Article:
The season’s science projects kick off as the weather turns bad.

First blizzard

The fresh faced expeditioners at Casey experienced their first blizzard of the season over the past weekend. Winds of 111 kilometres per hour blasted the station on Sunday, with the highest recorded gust of 141 kilometres per hour at 11:50am. While conditions eased on Monday, the winds remained around 80 kilometres per hour.

Temperatures sat between −4.5°C and −3.7°C over the past 24 hours, with the wind chill taking the apparent temperature as low as −23°C. The weather at Casey is characterised by frequent and sudden changes, with easterly blizzards whipping around the slopes of Law Dome before descending on station.

On Sunday, expeditioners were kept inside by the second highest level alert ‘Code Red’ and were only allowed outside with the approval of the station leader, when travelling in pairs.

The wind eased late afternoon on Sunday and with travel restrictions lifted, expeditioners headed outside where they were treated to spectacular cloud formations around the research station. While it was the first blizzard of the season for most, wintering expeditioners experienced more than double Sunday’s wind speed on 31 July with a record gust of 248 kilometres per hour recorded on the station’s automatic weather station.

Season’s Science – Totten Glacier

Casey’s scientists are busy ramping up their projects, with two main projects currently underway — the Totten Glacier Ice Dynamics and Evolution (TIDE) and the Antarctic Free Ocean Carbon Enrichment (AntFOCE) project.

TIDE researchers Ben and Tobias (supported by field training officer Billy) will be installing field equipment on towers to monitor the under ice melting off the floating portion of the Totten Glacier and how the flow dynamics change with time. They hope to find out how the Totten Glacier will handle future change in ocean temperature.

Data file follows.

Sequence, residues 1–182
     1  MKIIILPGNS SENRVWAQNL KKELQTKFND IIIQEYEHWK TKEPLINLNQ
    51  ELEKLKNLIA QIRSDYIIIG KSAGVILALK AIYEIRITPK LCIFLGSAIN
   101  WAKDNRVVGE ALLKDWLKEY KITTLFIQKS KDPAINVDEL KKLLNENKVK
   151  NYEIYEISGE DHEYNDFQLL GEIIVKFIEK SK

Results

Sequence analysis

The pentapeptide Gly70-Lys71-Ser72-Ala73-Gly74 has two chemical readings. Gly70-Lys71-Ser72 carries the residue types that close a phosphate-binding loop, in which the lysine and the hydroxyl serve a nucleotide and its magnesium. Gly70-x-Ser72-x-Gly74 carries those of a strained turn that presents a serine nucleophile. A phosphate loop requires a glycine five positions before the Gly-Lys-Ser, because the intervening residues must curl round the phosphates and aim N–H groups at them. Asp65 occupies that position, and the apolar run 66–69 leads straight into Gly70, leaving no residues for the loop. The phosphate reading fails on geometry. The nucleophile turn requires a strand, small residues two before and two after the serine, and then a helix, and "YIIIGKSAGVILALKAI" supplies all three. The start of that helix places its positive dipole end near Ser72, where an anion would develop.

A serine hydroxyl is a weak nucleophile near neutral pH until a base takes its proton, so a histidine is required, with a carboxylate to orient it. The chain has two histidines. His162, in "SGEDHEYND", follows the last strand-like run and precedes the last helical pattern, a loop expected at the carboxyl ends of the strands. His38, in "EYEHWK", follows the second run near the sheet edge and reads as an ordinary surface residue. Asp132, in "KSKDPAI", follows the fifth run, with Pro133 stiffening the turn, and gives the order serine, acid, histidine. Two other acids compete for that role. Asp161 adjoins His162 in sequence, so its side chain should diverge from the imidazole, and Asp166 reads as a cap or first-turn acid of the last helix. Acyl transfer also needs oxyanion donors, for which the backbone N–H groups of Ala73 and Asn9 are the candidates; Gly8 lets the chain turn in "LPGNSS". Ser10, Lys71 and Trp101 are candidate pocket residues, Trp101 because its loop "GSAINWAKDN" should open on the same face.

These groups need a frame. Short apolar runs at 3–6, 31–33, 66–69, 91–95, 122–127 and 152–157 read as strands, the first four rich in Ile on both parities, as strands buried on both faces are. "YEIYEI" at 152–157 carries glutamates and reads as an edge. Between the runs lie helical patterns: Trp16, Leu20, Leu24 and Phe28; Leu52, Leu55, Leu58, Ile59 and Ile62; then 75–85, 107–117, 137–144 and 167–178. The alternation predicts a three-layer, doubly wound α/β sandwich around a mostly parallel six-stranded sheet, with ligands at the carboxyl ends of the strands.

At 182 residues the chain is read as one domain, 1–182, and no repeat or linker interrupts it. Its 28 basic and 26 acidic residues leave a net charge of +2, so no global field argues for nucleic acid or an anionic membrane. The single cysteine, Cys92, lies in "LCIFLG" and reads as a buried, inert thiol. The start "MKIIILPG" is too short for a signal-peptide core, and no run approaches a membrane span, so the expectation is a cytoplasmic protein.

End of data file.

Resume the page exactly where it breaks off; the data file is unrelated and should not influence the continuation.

Since arriving on the second Airbus flight of the season, the TIDE team have carried out their station inductions and survival training. Their instruments and kit arrived by C17 flight and with the help of the Kenn Borek Aviation Twin Otter crew (Rodney, Reagan and Eric) and Helires team (Peter, Hayden & Steve) they have carried out a reconnaissance flight over the six selected sites to position the towers. Together with satellite imagery, they have been able to survey the sites for crevasses.

Ben and Tobias have also been partially assembling the towers ready for transportation in the Twin Otters to the sites. The team is now waiting for a break in the weather so that they can travel to each of the sites. 

Season science – Ocean pH

AntFOCE researchers James and Glenn are working hard to retrieve the CSIRO’s SeapHox data logger from the sea floor under the ice in O’Brien Bay.

The SeapHox has been logging the pH of the seawater every hour since it was deployed last summer. They will also be collecting benthic diatoms (single celled algae) from the sediment on the sea floor to return live to Australia for James to use in a series of experiments.

James and Glenn have drilled several holes through the 2.8 metre thick sea ice in O’Brien Bay allowing access to the under ice environment with a view to locating the SeapHox using a remotely operated underwater vehicle (ROV). They are currently taking a series of water samples from the water column above the SeapHox that will allow them to calibrate the pH measurements it’s been taking.

Next up they will retrieve the SeapHox and download the years’ worth of pH data. After that they will begin vacuuming up diatoms from the sea floor and getting them settled and happy in the culture cabinets on station before they’re returned to Australia in early December.

Casey ski loop

Casey expeditioners are keen to get out and about around Casey station this summer. A great way to do this without having to organise a field trip is to use the station Nordic ski loop.

The ski loop is a maintained track that goes outside station limits. The track can be used by skiers and walkers without survival gear because of the extra safety features along the track, such as cane markings and a cache of survival equipment at the furthest point.

Johan, Bec and Andy have been replacing cane markings and field training officer Simon has found some time to groom the track ready for the ski season.

Casey has a great ski room with plenty of cross-country skis and boots — ski lessons start this weekend!